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National Hunger Strike For Family Reunification Comes To Santa Cruz

A national rolling hunger strike has arrived in Santa Cruz. It’s trying to draw attention to immigrant children still separated from their parents under the Trump Administration's zero-tolerance policy.  

Car horns communicate support to a small group of hunger strikers in downtown Santa Cruz. They’ve set up camp near the Town Clock. Handmade signs that read “Free Our Children” and “#Hungry4Justice” are taped to their chairs.

Five Santa Cruz moms are fasting for three days. They’ll campout at the Town Clock during the day and go home to their families at night. Their goal is to make sure people remember that not all families separated at the border have been reunited.

The U.S. Department of Justice says more than 500 children between the ages of 5 and 17 are currently ineligible for reunification.  

Rae Steward organized the Santa Cruz strike.

“Many people are being called to this cause, to support this cause, but particularly parents because they're just trying to imagine the trauma and the anguish that your children would be going through or that you’d be going through being separated,” Steward says.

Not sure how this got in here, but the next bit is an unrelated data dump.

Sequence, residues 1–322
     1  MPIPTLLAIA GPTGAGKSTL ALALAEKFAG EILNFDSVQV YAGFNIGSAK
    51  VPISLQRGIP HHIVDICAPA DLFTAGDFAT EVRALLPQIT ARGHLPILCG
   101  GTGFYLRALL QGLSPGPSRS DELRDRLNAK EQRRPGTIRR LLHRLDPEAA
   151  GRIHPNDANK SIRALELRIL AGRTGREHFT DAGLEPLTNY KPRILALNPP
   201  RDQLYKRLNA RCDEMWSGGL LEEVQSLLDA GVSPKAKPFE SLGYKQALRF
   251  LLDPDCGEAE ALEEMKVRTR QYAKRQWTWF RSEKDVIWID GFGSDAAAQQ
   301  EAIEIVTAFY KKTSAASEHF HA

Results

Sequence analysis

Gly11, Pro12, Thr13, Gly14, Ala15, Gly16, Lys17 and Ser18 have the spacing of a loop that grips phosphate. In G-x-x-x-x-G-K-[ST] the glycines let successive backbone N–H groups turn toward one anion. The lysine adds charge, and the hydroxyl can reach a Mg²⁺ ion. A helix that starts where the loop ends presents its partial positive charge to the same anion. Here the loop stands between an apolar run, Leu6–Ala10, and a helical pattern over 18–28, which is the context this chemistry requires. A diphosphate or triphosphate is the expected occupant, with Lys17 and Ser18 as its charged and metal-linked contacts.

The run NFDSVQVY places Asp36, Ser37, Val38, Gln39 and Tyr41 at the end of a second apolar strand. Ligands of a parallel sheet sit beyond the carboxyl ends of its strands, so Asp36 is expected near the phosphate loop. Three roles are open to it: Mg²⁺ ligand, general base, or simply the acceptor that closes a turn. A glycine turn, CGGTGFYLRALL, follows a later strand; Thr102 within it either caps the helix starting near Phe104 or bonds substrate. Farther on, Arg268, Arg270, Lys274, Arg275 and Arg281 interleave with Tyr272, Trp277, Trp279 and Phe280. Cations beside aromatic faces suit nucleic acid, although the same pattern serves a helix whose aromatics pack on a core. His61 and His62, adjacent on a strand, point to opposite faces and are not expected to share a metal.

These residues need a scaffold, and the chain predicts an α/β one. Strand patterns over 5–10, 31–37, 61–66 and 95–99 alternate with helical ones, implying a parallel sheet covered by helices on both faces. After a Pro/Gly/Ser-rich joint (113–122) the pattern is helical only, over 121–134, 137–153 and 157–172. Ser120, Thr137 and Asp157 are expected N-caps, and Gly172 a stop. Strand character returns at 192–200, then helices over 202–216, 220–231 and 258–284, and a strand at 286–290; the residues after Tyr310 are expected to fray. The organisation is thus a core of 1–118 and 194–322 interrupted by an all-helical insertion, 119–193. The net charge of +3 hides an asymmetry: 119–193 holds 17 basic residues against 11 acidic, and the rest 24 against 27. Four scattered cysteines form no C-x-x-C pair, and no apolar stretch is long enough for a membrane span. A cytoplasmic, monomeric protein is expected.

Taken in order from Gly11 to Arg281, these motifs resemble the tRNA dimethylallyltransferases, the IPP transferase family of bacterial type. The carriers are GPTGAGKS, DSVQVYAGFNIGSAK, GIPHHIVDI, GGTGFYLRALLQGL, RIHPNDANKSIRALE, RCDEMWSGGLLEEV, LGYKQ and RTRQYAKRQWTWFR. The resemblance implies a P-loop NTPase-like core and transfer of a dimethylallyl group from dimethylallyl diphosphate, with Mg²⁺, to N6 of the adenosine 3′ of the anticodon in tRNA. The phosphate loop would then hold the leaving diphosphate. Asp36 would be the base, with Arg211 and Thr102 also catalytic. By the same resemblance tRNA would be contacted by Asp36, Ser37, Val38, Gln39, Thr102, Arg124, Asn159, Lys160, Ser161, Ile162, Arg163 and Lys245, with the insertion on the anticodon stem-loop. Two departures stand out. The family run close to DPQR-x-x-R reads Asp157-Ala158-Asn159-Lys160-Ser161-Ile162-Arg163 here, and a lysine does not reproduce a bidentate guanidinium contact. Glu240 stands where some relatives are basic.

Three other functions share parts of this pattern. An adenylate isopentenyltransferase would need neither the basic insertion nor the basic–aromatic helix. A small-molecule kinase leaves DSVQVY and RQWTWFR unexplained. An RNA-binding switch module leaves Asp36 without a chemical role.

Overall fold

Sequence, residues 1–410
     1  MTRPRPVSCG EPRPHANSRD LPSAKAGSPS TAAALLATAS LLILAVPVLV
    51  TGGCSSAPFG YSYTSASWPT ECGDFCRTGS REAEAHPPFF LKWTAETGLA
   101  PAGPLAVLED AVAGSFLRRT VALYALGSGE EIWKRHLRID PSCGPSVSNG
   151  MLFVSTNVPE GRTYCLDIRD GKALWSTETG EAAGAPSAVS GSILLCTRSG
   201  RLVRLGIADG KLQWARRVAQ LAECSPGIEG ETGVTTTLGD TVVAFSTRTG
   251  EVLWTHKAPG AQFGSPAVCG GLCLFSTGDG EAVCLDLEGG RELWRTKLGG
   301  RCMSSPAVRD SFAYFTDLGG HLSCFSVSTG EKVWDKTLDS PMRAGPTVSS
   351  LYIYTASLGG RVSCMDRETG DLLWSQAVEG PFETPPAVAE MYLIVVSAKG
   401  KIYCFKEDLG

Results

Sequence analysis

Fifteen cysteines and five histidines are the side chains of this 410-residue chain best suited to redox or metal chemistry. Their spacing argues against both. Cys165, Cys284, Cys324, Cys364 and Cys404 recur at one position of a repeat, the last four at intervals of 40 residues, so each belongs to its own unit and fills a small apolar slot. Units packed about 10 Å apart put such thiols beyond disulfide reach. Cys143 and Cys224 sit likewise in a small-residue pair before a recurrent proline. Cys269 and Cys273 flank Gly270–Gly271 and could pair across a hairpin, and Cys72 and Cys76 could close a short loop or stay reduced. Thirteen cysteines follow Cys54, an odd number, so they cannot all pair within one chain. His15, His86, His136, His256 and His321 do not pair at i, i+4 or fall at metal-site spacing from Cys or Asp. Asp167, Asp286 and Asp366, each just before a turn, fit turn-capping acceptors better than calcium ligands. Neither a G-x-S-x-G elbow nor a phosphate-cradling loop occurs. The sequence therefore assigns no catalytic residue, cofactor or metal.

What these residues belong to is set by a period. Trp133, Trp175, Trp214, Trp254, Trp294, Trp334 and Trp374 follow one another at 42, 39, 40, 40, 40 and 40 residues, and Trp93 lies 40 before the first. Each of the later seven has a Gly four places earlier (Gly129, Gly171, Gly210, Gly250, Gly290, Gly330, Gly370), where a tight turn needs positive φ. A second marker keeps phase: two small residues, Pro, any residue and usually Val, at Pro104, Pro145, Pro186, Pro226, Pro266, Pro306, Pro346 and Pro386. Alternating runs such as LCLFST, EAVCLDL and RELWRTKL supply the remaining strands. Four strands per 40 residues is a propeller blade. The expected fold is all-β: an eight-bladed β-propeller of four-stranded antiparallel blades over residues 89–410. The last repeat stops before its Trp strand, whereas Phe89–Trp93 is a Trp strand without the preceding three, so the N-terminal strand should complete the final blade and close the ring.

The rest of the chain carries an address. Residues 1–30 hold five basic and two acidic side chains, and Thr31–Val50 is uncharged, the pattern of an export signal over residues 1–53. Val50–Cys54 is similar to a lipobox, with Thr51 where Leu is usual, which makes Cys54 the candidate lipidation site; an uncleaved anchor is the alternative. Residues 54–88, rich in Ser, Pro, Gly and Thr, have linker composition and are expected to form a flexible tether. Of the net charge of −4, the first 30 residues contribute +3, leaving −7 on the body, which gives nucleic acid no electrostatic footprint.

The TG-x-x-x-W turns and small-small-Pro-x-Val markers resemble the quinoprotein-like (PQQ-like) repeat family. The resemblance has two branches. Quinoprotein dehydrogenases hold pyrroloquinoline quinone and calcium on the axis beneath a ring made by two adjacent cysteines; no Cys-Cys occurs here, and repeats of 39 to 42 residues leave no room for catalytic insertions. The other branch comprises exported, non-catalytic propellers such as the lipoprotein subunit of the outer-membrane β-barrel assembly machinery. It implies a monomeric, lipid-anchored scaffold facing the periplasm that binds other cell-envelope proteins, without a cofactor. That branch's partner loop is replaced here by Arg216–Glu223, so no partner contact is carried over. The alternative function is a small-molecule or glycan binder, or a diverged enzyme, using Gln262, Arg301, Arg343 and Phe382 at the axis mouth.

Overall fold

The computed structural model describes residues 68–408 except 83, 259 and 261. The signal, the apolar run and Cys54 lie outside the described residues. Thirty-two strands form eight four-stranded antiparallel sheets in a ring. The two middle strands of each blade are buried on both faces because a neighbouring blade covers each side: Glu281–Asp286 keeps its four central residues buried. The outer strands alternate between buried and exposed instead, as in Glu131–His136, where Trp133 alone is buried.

This strike is part of a National Rolling Hunger Strike organized by Families Belong Together and Free, a grassroots group. ‘Rolling’ means that it’s moving from city to city. The strike started in Oakland, moved to Sacramento and is now here in Santa Cruz until Tuesday evening.

Hunger striker Masina Hunnicutt says what’s needed is immigration reform. But until then, she’ll work to keep this family reunification crisis in the public’s eye.

“There's a humaneness that's missing in this whole conversation that I just want to bring it back to that,” says Hunnicutt, who immigrated from Samoa in the South Pacific 12 years ago.

This national hunger strike heads to Portland, Oregon, next and then onto 15 other cities. 

Erika joined KAZU in 2016. Her roots in radio began at an early age working for the independent community radio station in her hometown of Boulder, Colorado. After graduating from the S.I. Newhouse School of Public Communications at Syracuse University in 2012, Erika spent four years working as a television reporter. She’s very happy to be back in public radio and loves living in the Monterey Bay Area.